A really good thing, though, is that Alexa kicks off by saying that there’s more than one answer: “Set has many different meanings.” It’s an immediate disclaimer that the answer is complicated. But how to better communicate that complexity?

The way human beings use speech to negotiate one another’s vast and complex data stores is through conversation and dialogue. I ask you a question and you give me some information. I ask another question to take the conversation down a specific path, and you give me more detailed information about that. And so on. A dialogue shaped like this will certainly be one way forward as these voice interfaces mature:

Me: What does “set” mean?

Alexa: “Set” has 464 definitions. Would you like to hear about nouns, verbs, or adjectives?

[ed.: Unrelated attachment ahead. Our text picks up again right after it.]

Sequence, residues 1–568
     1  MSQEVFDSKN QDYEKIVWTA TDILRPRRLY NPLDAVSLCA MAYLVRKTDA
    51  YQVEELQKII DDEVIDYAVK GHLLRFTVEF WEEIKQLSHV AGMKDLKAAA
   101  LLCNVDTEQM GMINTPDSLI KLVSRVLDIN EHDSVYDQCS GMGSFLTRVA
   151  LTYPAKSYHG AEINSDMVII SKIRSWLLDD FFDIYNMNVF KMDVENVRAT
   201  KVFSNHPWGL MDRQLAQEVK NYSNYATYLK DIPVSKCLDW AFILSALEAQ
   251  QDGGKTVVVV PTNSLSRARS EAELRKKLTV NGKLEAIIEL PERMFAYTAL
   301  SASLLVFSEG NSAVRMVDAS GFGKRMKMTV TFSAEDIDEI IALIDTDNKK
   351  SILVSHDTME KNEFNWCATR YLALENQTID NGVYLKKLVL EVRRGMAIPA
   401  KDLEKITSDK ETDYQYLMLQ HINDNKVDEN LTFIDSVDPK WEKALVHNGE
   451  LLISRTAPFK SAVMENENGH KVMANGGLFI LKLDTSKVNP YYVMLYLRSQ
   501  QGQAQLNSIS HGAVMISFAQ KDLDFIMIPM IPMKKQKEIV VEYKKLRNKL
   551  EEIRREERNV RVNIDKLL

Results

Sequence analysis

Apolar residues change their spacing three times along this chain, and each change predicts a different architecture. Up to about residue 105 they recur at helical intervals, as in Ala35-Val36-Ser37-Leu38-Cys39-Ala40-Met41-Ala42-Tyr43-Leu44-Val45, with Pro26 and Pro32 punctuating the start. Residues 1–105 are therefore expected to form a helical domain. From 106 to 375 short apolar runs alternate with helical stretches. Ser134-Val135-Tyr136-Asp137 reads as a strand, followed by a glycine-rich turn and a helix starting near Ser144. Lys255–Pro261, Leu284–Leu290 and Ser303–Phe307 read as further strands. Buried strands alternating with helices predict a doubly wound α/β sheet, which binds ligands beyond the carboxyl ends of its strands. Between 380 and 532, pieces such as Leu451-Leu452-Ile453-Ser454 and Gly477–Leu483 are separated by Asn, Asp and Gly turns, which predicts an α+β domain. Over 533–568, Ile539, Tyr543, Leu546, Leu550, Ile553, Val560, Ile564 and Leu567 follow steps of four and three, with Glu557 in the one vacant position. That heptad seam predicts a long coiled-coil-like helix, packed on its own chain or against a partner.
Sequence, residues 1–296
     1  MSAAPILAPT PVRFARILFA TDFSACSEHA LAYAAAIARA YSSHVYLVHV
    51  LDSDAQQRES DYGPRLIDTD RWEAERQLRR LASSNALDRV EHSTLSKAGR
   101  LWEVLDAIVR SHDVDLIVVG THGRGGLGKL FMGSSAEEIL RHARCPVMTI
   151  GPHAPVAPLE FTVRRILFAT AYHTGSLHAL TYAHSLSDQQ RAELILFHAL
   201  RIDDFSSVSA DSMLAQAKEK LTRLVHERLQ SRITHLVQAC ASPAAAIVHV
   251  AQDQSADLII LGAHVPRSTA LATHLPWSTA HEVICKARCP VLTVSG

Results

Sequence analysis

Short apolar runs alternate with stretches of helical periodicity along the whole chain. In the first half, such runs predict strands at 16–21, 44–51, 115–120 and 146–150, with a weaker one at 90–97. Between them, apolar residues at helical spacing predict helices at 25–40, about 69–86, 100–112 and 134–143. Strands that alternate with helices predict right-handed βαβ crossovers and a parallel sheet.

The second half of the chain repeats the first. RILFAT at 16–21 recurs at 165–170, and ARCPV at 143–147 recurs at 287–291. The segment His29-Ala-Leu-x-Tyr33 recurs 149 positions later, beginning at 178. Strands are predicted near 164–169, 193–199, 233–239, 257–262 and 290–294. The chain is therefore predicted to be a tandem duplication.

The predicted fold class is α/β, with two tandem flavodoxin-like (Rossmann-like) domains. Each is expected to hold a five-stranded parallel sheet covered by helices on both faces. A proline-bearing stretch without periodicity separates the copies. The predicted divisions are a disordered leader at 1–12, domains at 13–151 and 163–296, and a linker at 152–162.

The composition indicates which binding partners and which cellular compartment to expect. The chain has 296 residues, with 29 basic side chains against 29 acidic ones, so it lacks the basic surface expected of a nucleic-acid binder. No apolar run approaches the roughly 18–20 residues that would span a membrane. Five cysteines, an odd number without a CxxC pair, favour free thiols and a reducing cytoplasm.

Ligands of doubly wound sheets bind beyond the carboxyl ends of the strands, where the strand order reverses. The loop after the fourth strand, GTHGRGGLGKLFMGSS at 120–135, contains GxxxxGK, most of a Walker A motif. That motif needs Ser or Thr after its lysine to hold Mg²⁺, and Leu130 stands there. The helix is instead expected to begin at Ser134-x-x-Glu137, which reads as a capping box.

Me: Nouns.

Alexa: As a noun, “set” means: [three definitions]. Would you like more meanings?

Me: Would you give me an example sentence with that first definition?

Alexa: Sure. “He brought a spare set of clothes.”

At the moment, however, our voice interfaces are more call-and-response than dialogue. Ask Alexa a question, gives an answer, and then immediately forgets what you asked. There’s no follow-up; every question starts from scratch. Google Assistant is starting to get there, saving conversation “state” so you can ask follow-up questions. Other systems will follow as we transition from voice interface to truly conversational interface. Dialogue will certainly be a critical way to explore information beyond the first response.

In the meantime, the Alexa-style caveat that there’s more than one meaning can at least serve us well for flagging contentious or ambiguous content. “This topic is controversial, and there are competing views of the truth…”